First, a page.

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Need Help With Taxes?

(Get it!)

If you’re new to filing taxes or have a more difficult return, getting qualified tax help can take some of the pressure off. Free help from government-sponsored volunteers and free tax-filing software are available to people who earn below a certain limit — and it’s not as low as you might think.


If you made less than $54,000 last year, you are eligible to use the Volunteer Income Tax Assistance (VITA) program, where volunteers prepare your return for free. The IRS sponsors the program, but VITA sites can be in community centers, schools, libraries or college campuses. Use the free tax help locator to see what’s available near you.

If you pay to have your taxes done at a storefront tax preparer, be warned that, while they likely have more experience than VITA volunteers, the preparers are seasonal workers who might be getting paid by the form. And watch out for “discount” tax prep software. Check reviews and research the company before buying anything.

You can always DIY your return with your own tax software, but if you own a house or sold stock, the basic store-bought software might not have what you need. If you made less than $66,000 last year, you can use Free File.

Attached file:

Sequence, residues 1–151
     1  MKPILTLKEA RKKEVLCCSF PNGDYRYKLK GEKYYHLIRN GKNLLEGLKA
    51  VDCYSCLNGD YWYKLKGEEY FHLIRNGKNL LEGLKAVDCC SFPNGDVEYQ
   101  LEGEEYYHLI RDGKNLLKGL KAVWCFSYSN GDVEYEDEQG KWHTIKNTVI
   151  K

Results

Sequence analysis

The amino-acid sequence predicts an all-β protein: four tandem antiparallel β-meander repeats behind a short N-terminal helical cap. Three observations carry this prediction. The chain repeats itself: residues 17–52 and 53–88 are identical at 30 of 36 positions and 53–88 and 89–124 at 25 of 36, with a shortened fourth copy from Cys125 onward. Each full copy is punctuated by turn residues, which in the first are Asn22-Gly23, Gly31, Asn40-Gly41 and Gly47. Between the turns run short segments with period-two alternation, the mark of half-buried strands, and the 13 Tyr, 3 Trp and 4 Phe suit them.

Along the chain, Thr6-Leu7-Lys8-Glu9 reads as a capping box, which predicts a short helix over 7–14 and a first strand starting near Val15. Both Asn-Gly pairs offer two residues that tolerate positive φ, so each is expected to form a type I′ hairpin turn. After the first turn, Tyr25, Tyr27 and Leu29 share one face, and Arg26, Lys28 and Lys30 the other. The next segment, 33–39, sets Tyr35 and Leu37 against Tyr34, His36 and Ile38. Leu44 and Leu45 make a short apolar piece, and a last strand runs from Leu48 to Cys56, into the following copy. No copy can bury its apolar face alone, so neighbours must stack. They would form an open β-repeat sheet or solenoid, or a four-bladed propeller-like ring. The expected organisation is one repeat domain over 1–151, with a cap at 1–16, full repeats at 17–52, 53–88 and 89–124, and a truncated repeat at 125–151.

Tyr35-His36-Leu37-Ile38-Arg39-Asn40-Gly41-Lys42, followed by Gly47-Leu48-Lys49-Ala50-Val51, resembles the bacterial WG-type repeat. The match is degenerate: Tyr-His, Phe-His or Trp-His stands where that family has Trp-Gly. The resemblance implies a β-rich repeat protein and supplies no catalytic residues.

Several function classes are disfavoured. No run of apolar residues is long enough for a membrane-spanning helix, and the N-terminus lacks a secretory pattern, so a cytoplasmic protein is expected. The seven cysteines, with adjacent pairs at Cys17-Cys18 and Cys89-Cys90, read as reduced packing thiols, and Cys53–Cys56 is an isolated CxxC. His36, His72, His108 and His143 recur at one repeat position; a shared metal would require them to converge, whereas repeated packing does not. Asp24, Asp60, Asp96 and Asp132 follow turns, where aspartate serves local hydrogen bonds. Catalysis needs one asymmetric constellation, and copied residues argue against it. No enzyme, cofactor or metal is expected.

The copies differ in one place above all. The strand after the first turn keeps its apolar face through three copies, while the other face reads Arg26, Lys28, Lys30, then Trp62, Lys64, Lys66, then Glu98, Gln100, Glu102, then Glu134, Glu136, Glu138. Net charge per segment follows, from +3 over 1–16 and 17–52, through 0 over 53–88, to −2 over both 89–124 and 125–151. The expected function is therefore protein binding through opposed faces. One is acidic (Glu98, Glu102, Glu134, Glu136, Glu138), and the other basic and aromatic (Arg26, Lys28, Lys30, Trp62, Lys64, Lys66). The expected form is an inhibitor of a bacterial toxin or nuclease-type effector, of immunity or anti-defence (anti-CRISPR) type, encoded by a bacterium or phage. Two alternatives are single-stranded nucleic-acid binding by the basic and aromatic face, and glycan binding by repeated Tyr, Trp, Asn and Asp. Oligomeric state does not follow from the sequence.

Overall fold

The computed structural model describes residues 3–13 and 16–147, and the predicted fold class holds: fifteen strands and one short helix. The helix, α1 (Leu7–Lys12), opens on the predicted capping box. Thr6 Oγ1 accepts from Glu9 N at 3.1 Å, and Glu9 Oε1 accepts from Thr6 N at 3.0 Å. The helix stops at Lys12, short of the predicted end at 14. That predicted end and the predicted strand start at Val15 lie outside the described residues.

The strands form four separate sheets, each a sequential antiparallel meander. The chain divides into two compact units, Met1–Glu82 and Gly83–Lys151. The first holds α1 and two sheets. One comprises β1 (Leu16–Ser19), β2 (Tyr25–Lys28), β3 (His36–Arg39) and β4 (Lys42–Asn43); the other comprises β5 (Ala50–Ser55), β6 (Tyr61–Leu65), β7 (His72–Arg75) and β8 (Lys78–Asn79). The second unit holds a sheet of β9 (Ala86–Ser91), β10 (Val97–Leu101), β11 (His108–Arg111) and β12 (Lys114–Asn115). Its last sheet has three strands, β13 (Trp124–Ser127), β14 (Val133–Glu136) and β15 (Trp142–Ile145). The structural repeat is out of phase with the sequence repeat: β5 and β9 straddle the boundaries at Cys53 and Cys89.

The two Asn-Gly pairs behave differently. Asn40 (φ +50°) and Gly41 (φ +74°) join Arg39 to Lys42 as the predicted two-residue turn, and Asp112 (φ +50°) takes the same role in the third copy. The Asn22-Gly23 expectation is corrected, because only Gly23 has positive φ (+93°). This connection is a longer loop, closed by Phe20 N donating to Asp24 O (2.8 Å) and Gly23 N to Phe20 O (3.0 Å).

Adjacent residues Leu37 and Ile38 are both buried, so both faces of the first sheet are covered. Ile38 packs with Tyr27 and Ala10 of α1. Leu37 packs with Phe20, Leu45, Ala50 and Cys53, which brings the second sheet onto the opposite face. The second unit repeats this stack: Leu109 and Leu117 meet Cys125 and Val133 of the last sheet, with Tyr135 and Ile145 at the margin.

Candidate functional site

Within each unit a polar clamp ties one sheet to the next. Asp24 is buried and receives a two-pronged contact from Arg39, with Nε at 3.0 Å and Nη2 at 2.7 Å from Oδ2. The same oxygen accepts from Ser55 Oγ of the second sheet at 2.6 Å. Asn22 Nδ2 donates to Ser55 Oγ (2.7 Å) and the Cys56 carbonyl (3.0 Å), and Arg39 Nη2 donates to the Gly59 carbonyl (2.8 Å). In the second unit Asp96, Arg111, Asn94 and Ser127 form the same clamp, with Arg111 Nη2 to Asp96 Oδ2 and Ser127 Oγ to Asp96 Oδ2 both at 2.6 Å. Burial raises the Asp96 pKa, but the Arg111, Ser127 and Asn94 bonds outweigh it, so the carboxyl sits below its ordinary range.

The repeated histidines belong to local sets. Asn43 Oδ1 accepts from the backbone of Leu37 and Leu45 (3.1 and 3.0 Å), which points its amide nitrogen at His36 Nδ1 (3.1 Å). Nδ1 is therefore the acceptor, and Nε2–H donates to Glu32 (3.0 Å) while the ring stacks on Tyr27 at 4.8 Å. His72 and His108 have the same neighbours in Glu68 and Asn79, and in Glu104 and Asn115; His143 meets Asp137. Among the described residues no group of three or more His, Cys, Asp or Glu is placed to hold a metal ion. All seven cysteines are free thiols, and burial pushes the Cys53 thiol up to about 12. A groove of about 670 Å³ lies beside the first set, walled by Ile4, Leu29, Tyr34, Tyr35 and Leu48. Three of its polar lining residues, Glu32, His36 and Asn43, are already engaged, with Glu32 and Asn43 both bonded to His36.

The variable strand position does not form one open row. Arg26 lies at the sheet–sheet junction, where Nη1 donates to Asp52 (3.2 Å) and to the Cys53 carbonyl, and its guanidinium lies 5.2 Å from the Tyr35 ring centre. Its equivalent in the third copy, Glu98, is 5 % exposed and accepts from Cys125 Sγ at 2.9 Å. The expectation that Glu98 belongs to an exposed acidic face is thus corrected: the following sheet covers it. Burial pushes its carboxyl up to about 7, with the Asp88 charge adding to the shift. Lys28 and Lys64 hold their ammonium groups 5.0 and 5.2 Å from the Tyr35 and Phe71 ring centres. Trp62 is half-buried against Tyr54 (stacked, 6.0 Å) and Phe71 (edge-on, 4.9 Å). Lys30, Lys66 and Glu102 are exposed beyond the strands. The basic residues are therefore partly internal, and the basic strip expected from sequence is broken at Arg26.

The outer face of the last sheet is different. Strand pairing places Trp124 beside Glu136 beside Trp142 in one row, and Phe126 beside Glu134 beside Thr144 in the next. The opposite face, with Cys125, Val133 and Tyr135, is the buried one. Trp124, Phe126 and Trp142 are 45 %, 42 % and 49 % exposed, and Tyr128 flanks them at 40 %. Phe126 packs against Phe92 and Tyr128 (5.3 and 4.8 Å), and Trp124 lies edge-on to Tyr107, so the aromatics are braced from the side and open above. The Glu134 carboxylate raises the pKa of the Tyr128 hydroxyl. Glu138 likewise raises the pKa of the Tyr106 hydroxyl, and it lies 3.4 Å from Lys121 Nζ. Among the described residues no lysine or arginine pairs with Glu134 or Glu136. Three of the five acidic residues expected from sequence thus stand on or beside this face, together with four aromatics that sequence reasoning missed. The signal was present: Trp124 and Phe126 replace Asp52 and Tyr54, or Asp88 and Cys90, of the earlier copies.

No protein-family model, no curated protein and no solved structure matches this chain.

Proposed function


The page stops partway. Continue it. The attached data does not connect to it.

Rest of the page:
If you’re going to any tax preparer, you’ll need to bring the right documentation, including:

  • Valid identification — driver’s license or government-issued photo ID
  • Social Security card or verification letter
  • W-2s and 1099s
  • Records of self-employment earnings
  • Interest and dividend statements
  • Copies of last year’s state and federal returns
  • Proof of health care coverage for the tax year (or proof of exemption)
  • Records of your children’s day care expenses (name and address of caregiver, including their tax ID number or Social Security number)
  • Your bank routing number and account number to direct deposit your refund

If you’re married filing jointly, you’ll have to provide all of this information for both you and your spouse.


Whether the preparer is a VITA volunteer or a paid accountant, they must sign your return and use a preparer tax identification number (PTIN).

Keep in mind that you are responsible for what is on your return, even if someone else prepares it. Preparers are required to ask you detailed questions to accurately capture your income and expenses, and to match you with possible tax credits and deductions. If it seems like your tax preparer is rushing through the process, don’t be afraid to stop and tell them you’d prefer to go elsewhere. At the end of the day, it is your money and record on the line. It might be awkward, but it’s better to get it right the first time than pay penalties to the IRS.

As always, we’ve got your back. — The On Your Own Team End of article insignia

[Any reference to a specific company, commercial product, process or service does not constitute or imply an endorsement or recommendation by On Your Own, the National Endowment for Financial Education or any of its affiliate programs.]